Background & Summary

The coastal zone of the southern Baltic appears to be highly diversed in terms of the hydrographic features. The most noteworthy of these features are the zone’s coastal lakes, which are unique among the European Union’s lakes and protected under the Natura 2000 program1.

The Baltic Sea is unique. With an area of around 420,000 km2, it is the largest brackish water area in the world. Coastal abrasion is not observed in places where there are lakes on the southern coast of the Baltic Sea. These lakes are usually separated from the sea by strips of land (beaches, dunes) of varying width (up to 1,000 m) and only slight differences in height (up to 100 m). However, there are no cliffs or geological formations that could be damaged by the action of waves. Compared to other coastal areas of this sea, along the southern coast there are numerous coastal lakes, lagoons, and bays (CIEM 2018). There is also a complex river system, including the mouths of such major rivers as the Vistula, the Oder, and several coastal rivers (including the Słupia, Łupawa, and Wieprza), as well as numerous smaller watercourses and canals2. Coastal water bodies include large brackish lakes such as Łebsko, Resko, and Gardno and relatively small ones such as Kopań or Bukowo, as well as many freshwater water bodies such as Sarbsko, Wicko Przymorskie, and Dołgie Wielkie2. Many European countries, including those in the Baltic Sea catchment area, face the challenge of reducing pollution loads from anthropogenic sources and the need to meet the requirements of the Water Framework Directive (2000/60/EC) and the Wastewater Directive (91/271/EEC) to achieve a good ecological status of waters3. These measures aim, among other things, to expand and protect the Natura 2000 network areas, of which coastal lagoons and lakes (priority habitat 1150) of high natural value constitute priority habitats.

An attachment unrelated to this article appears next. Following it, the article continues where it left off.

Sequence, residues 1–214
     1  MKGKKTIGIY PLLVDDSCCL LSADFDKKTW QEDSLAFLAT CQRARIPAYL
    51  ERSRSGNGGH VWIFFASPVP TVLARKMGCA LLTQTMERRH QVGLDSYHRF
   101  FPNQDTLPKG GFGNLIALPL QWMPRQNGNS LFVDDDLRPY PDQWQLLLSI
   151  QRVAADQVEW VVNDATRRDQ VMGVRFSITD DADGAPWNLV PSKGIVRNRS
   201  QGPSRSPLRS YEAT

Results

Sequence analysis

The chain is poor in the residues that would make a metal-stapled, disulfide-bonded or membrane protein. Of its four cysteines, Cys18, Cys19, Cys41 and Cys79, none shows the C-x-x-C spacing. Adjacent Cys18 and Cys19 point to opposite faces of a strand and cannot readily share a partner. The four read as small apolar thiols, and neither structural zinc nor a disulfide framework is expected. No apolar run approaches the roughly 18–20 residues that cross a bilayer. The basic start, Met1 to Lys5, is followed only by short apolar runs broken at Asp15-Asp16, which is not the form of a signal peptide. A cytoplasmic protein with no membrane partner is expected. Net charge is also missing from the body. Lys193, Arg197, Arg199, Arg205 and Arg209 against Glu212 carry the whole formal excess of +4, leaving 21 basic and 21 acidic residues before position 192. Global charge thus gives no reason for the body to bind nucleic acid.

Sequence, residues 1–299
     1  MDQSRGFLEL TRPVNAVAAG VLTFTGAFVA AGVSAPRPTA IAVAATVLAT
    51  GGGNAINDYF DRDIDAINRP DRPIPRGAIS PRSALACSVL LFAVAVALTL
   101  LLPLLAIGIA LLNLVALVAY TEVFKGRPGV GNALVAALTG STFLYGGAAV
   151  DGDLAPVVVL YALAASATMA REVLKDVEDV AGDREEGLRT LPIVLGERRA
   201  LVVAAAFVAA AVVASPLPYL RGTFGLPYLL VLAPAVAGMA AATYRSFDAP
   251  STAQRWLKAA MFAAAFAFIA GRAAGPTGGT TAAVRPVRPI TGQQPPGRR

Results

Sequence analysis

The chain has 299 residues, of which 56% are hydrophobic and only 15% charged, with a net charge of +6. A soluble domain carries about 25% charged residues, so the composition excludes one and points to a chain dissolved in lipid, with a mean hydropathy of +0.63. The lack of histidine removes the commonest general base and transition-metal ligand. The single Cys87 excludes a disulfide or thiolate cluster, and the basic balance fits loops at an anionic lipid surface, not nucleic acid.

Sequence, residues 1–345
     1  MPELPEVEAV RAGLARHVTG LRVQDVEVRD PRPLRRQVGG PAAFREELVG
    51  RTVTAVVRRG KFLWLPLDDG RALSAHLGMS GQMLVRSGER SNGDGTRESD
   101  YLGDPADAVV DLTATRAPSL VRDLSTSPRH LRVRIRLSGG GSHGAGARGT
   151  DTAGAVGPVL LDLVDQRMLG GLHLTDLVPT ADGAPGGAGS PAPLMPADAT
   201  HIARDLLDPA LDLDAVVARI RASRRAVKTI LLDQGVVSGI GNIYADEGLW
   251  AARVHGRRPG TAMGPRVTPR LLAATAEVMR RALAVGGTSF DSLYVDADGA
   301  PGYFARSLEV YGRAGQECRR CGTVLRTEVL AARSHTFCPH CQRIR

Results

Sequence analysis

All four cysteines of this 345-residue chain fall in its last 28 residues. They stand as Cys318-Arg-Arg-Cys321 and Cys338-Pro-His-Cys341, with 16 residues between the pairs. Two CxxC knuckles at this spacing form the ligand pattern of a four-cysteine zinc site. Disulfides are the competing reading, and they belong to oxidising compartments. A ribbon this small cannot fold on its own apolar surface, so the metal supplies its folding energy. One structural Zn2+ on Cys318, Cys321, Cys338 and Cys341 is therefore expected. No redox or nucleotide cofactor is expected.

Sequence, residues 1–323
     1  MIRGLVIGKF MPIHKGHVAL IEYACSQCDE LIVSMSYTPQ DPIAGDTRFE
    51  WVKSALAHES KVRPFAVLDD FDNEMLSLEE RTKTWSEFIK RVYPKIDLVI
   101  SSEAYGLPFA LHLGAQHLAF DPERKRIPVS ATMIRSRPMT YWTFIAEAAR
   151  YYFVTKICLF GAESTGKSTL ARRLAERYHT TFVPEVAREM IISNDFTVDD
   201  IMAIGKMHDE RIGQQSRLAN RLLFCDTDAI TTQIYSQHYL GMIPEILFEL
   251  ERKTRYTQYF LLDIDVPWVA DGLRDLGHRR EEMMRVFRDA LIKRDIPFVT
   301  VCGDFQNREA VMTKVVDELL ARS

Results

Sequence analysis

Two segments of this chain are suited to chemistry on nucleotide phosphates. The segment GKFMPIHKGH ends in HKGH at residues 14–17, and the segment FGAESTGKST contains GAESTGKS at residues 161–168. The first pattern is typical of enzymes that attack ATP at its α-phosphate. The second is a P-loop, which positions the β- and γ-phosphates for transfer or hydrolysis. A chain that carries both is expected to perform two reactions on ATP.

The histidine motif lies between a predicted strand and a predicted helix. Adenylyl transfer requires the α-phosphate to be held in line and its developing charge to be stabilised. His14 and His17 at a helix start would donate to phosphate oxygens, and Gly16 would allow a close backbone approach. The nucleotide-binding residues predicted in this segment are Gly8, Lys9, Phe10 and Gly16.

Aquatic ecosystems along the coast are the final component of river basins and are characterized by varying degrees of contact with the sea4,5. Coastal lakes are usually classified into one of the following three main types of ecosystems based on the degree of hydrological connection: open lagoons (with free connection to the sea), sporadically open/closed lagoons (only periodically fully open) and closed coastal lakes (without permanent connection to the sea). Coastal ecosystems can also be subdivided according to the salinity of the water: freshwater (limnetic), intermittently saline (limnetic/haline) and saline (haline). The Baltic coastal lakes can be divided into three main types: (1) open: with permanent connection to the sea through channels/river mouths; (2) intermittently connected: with periodic inflow of seawater thanks to the unblocking of buried channels; and (3) closed: permanently isolated; as well as several subtypes5. This hydrological connectivity leads to a variable exchange of substances between the individual ecosystem types, which influences their ecological status depending on the predominance of the marine or terrestrial factor6,7,8. The evaluation of the functioning of microhabitats shaped by the mixing of fresh and brackish water must be based on deterministic chaos theory. In lakes connected to the sea, the phenomenon of “windows of opportunity” created by seawater intrusion is frequently observed. Although it is obvious that significant differences will exist between oligohaline and limnetic ecosystems (alternative stable states), a large uncertainty was caused by the fact that coastal lakes are a transitional form between the two. It turned out that even small and short-term fluctuations in water salinity prevent them from reaching an ecosystem stability. Instead, so-called adaptive cycles can be observed in them. It has been shown that there are different transitional states (phases) in coastal lakes: 1) oligohaline-limnetic towards an increase in salinity and 2) limnetic-oligohaline towards water desalination, as well as stable states: oligohaline and limnetic. The authors first try to determine the mechanisms of coastal lakes based on pelagic processes1. Nevertheless, the constant salinity of the southern Baltic Sea (7-8 PSU) leads to the presence of stenohaline organisms, while the salinity in the lakes is generally lower and fluctuates, favoring euryhaline organisms. Therefore, the periodic increase in seawater salinity creates a “window of opportunity” effect for the immigration of marine organisms into the lakes8. Among others, there are: the phenomenon of backwash and brackish water intrusion, which causes a periodic change in water quality; the phenomenon of wind support, which hinders or even prevents the outflow of land water into the sea; and the phenomenon of water accumulation on the southern coasts of the Baltic Sea, which is particularly clear during autumn and winter storms. The above phenomena in turn result from the lakes’ location at the interface between land and sea, i.e. two areas that differ in their physical and chemical properties. As a result, all hydrometeorological phenomena here have a more dynamic and robust course and a strong impact on the functioning of ecosystems. Consequently, the coastal zone is a much more difficult region for conducting hydrological studies.